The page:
I’m supposed to be a learning futurist, so allow me to make a prediction: within 10 years the university dissertation will be dead. Its death will be greeted with relief by academics who are currently turning a blind eye to the rising trend of ‘outsourcing’ of dissertations and essay writing.
We’ve got a perfect storm of circumstances which leads me to think that dissertations will be totally discredited over the next decade: the rise in online courses making it harder to be found out; increased pressure upon universities to accept – and retain – more international students; and a glut of graduates who can’t find work and so turn to helping meet the rising demand for ghostwriters.
No-one knows how many students ‘cheat’ in this way – in the UK alone 45,000 students during 2008-11 were caught cheating. The numbers are likely to have risen considerably since then, and any figures only capture those caught, anyway. The scale of supply, however, is truly amazing. There are thousands of sites offering to craft anything from a high-school essay to a PhD dissertation. One was honest enough to admit to processing over 400 orders per day. You do the maths – actually, don’t bother, just pay someone else to do it.
Having an actual person write your essay isn’t like plagiarism. Plagiarism software solutions like TurnItIn are useless here. Paying for an original piece of writing isn’t plagiarising, and it can’t be electronically identified as not belonging to you.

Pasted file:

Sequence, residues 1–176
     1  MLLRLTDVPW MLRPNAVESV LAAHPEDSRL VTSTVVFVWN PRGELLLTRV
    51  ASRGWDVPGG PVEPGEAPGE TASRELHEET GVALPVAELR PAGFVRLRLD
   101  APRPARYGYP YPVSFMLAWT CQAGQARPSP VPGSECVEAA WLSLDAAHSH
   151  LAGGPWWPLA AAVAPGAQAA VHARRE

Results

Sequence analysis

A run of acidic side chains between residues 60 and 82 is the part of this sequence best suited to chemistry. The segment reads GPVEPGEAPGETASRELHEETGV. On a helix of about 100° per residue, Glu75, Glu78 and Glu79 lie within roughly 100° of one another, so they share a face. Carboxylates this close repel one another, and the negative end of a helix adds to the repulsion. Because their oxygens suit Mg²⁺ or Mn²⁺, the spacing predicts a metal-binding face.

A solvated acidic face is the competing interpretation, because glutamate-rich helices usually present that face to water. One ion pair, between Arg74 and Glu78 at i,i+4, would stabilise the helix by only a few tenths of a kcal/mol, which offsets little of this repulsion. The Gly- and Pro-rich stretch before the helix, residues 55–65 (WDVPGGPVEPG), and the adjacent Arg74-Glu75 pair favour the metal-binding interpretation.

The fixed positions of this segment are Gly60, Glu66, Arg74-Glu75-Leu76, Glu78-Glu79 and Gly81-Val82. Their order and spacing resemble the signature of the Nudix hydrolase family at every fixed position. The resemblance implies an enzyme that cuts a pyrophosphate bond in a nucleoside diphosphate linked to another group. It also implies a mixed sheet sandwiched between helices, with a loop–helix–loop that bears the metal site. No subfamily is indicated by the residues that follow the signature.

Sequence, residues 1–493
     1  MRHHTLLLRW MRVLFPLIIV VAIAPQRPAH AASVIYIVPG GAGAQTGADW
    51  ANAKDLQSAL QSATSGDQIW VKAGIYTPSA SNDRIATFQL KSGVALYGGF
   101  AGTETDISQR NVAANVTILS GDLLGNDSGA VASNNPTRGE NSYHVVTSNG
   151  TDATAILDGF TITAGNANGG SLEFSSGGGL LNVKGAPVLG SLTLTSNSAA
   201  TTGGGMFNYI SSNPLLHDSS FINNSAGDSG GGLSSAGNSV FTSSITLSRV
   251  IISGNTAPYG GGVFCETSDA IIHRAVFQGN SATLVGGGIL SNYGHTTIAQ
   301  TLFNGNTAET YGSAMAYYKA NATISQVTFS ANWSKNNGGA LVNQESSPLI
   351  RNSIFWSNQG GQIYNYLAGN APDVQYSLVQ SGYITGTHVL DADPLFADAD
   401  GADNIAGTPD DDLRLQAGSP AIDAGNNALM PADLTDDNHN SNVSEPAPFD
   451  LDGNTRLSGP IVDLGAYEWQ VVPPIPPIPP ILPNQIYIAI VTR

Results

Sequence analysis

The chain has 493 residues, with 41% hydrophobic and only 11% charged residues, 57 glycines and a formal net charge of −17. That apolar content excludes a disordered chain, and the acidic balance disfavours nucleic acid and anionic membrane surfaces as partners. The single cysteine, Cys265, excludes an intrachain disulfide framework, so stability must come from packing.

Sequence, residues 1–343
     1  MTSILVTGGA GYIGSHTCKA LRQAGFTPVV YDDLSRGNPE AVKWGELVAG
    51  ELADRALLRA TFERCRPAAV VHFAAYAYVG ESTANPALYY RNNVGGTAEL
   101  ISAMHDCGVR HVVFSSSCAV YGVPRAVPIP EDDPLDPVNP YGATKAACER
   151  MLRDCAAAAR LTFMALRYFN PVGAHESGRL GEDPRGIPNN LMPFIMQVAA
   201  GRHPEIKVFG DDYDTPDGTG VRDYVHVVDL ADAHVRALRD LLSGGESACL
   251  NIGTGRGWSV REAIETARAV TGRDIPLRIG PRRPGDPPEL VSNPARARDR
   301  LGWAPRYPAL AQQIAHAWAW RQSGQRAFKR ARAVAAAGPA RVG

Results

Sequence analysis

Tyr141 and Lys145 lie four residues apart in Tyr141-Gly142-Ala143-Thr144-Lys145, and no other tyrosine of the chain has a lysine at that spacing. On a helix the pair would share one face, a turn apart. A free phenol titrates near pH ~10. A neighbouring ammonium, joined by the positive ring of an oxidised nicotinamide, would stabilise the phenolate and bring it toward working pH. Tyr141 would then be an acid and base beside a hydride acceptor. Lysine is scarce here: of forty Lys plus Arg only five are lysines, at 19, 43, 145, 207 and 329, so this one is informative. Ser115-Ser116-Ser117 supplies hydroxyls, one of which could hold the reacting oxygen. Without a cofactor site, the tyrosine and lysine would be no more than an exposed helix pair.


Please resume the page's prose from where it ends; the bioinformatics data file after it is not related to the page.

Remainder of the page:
As a purchaser, you can choose the standard of submission and so make it less likely to arouse suspicion. Sites like UKEssays give you the option of choosing your grade:
Such sites are quite unabashed about their moral position. It’s not cheating, they argue, because they’re just providing ‘model’ essays and, well, you’re too busy working to have to write the thing yourself. Besides, it’s an entirely, 100% confidential service.
Since higher education is increasingly being seen as a (costly) hurdle to be overcome in the pursuit of a job, there’s an interesting shift being taken on the ethics involved. An Eastern European woman, studying in the UK ,is typical of many:
“I think it would be bad if I got caught and everything. But really, it’s not illegal and I’m not copying someone’s work or anything. Besides I know loads of people who have done it.”
Professor Christopher Bigsby recently cited a student protest in China, in response to attempts to crack down on cheating:
“In 2013 there were riots in Hubei province in China when invigilators tried to prevent cheating in a national exam. Rioters chanted, “There is no fairness if you do not let us cheat.”
Unless there is a significant shift in the way we assess students, more companies will follow Google’s lead in not hiring on the basis of their degree qualification. The solution, I believe, is not only inevitable, it’s also desirable. There will surely be an increasing focus on testing knowledge through exams, but I can also see a rise in the acquisition of a performance portfolio – how you actually implement the knowledge acquired. This will merely reflect the industry recognition that, unless you’re headed for an academic career, your value, as an employee, lies less in your knowledge than in the way you make that knowledge work for you.
It’s ironic that the commodification of higher education is now leading to its devaluation, but can we really blame the perpetrators? I was in a London pub last summer, chatting to the young, highly articulate, graduate barman while he shared his difficulty in getting the job his degree had prepared him for.
“So, what else do you do to supplement your income?” I asked.
“I write dissertations for international students”, he replied, “£500 for 5,000 words. There’s tons of my friends doing it”.
“Do you not feel morally compromised?” I asked, trying to hide my disapproval.
“Not at all”, he said. “It’s the natural end-product of a market-driven system”.
I had no reply.